After years of hard work and one last summer, UF graduates have reached the light at the end of the tunnel.
On Saturday morning, 1,200 students and their families and friends gathered at the O'Connell Center for the Bachelor’s, Master’s and Specialist’s Commencement Ceremony.
UF President Kent Fuchs began the ceremony by welcoming everyone and offering thanks and congratulations before turning over the podium to his fellow faculty members.
The commencement speaker, professor Ted Spiker of the College of Journalism and Communications, started his speech describing the impact of one of his students.
The student, named Ashley, tragically died in a car accident one spring break. Spiker recalled that she always faced her classmates when talking to them, a small gesture, but one which showed her kindness and respect for others. He then provided a list of tips for future success inspired by her legacy.
One such tip is to always consider the impact words can have on others, Spiker said.
“You all will speak and write millions of words in your lifetime,” Spiker said. “Not all of your words will really matter, but you never know which ones might. Choose your words with intention.”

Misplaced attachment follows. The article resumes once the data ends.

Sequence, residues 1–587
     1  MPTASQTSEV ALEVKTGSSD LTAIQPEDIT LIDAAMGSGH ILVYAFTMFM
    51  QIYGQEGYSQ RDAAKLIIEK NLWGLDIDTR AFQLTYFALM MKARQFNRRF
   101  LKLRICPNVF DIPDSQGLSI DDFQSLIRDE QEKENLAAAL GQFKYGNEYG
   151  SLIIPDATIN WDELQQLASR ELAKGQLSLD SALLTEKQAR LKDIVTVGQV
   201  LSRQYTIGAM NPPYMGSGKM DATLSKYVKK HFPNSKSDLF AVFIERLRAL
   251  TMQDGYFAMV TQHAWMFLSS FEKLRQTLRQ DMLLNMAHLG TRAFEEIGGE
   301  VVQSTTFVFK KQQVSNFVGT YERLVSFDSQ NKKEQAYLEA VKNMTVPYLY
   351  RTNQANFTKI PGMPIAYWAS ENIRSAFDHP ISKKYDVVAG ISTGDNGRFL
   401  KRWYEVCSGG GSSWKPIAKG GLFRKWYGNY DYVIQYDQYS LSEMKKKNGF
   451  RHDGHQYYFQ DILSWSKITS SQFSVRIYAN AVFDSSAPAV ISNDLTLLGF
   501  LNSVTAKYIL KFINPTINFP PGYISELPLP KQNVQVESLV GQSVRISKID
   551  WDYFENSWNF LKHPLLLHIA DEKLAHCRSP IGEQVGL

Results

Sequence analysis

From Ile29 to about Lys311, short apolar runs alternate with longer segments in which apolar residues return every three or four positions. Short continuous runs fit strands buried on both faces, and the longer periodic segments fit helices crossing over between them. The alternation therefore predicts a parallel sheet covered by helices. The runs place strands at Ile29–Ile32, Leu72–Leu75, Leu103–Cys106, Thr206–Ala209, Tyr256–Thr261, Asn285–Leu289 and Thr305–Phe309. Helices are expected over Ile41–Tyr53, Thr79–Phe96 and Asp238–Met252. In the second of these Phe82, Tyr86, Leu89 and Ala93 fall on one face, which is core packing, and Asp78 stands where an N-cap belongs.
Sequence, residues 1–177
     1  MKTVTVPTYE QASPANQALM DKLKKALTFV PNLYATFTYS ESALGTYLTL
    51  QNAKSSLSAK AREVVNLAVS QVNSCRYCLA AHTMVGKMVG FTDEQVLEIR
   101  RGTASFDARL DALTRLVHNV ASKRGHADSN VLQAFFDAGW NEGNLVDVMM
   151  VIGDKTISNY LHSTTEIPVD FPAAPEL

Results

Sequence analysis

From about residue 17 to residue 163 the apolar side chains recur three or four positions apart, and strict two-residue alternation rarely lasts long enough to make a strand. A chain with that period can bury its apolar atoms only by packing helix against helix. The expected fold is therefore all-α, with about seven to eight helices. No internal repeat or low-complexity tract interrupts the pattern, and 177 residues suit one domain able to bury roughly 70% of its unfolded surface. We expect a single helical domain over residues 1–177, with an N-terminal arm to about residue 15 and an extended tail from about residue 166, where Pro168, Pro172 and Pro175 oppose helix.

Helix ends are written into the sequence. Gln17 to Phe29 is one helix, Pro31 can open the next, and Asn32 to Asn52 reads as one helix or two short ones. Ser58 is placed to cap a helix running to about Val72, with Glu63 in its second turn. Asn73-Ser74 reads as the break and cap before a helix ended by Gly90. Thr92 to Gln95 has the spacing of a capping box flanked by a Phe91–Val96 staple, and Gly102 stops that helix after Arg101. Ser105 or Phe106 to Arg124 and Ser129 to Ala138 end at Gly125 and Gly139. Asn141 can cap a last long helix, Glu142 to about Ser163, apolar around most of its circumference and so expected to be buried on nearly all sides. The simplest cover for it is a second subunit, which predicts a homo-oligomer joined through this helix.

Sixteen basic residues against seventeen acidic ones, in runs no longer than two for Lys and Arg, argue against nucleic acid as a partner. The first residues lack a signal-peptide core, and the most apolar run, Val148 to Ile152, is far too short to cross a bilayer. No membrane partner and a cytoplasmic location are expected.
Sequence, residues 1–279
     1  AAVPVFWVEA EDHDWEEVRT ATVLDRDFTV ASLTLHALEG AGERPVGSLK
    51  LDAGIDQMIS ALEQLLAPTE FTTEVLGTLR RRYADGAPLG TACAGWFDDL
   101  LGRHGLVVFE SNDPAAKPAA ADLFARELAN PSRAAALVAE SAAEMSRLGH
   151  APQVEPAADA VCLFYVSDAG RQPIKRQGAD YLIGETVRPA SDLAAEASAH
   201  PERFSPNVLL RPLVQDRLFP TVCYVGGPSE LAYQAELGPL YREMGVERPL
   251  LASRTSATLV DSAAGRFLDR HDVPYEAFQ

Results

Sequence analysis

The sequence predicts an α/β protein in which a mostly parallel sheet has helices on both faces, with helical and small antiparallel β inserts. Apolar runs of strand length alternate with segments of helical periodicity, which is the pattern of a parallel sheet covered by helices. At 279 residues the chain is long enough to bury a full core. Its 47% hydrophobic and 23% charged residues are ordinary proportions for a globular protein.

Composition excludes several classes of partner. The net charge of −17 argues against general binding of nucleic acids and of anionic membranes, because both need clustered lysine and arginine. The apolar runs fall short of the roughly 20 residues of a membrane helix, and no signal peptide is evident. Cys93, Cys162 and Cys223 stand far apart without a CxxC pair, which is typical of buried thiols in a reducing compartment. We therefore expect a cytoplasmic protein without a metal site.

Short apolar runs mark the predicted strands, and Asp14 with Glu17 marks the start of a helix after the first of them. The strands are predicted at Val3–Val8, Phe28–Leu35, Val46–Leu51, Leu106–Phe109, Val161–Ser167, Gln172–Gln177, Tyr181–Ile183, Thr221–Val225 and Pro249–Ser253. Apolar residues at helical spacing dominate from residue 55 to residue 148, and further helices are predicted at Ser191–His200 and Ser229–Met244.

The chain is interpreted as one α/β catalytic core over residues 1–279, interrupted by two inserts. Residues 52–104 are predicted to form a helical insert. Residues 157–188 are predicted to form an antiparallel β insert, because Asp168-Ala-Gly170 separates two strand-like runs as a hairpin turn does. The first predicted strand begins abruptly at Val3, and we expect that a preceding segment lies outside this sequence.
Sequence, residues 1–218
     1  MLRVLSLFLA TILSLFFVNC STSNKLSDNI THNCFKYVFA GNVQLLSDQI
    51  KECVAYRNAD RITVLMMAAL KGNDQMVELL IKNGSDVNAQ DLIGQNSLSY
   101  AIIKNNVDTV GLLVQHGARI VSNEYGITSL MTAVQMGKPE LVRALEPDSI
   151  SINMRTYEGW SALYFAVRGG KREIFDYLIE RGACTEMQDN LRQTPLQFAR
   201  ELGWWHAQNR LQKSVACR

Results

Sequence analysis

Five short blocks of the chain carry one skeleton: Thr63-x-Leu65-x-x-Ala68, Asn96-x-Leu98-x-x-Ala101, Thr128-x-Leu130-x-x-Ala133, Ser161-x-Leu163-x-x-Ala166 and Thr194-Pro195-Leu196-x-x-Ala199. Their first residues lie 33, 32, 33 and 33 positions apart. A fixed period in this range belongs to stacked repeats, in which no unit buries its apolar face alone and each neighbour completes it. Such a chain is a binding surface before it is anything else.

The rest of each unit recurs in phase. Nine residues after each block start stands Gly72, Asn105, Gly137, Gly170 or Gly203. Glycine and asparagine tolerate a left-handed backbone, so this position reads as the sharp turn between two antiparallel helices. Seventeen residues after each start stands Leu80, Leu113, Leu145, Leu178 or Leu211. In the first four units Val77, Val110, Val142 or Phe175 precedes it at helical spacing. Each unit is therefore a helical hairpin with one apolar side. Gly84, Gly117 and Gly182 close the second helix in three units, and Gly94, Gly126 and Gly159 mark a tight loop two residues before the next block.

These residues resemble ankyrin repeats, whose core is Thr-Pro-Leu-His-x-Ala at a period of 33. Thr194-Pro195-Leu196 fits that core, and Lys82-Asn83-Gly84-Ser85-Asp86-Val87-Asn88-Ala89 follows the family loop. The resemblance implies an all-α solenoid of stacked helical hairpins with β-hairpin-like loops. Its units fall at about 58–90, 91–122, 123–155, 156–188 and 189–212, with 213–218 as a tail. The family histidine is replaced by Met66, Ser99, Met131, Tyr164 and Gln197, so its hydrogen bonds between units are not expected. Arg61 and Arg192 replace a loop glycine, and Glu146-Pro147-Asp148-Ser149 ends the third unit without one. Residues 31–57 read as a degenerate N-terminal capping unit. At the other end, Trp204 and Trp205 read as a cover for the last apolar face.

After two gator chomps, the graduates officially moved their tassels, and at the end of the ceremony, attendees sang both the alma mater and Tom Petty’s “I Won’t Back Down” together.
Some attendees left early as their graduates crossed the stage for recognition.
Cassandra Mead, 21, graduated with her undergraduate psychology degree, described the ceremony as “an honestly surreal experience.”
“I graduated early, so I don’t think it has really set in yet,” Mead said. “I mean, it’s great to have gone to a top 10 public university, and ending on a Tom Petty song was awesome because that's what we all do at the games.”
Though many of the graduates earned their bachelor’s degrees, the ceremony also included masters and specialist students. One such graduate, Carissa Madden, 30, earned her master's degree in special education with a graduate certificate in disability studies.
Passionate about disability rights and sharing what she has learned with everyone, Madden said she plans to continue her education at the doctoral level. But first, her family came both physically and in spirit to watch her earn her master’s at the ceremony, Madden said.
“It feels fantastic. It's a huge accomplishment, and my memories here at the University of Florida will last a lifetime,” Madden said. “But this only just the beginning.”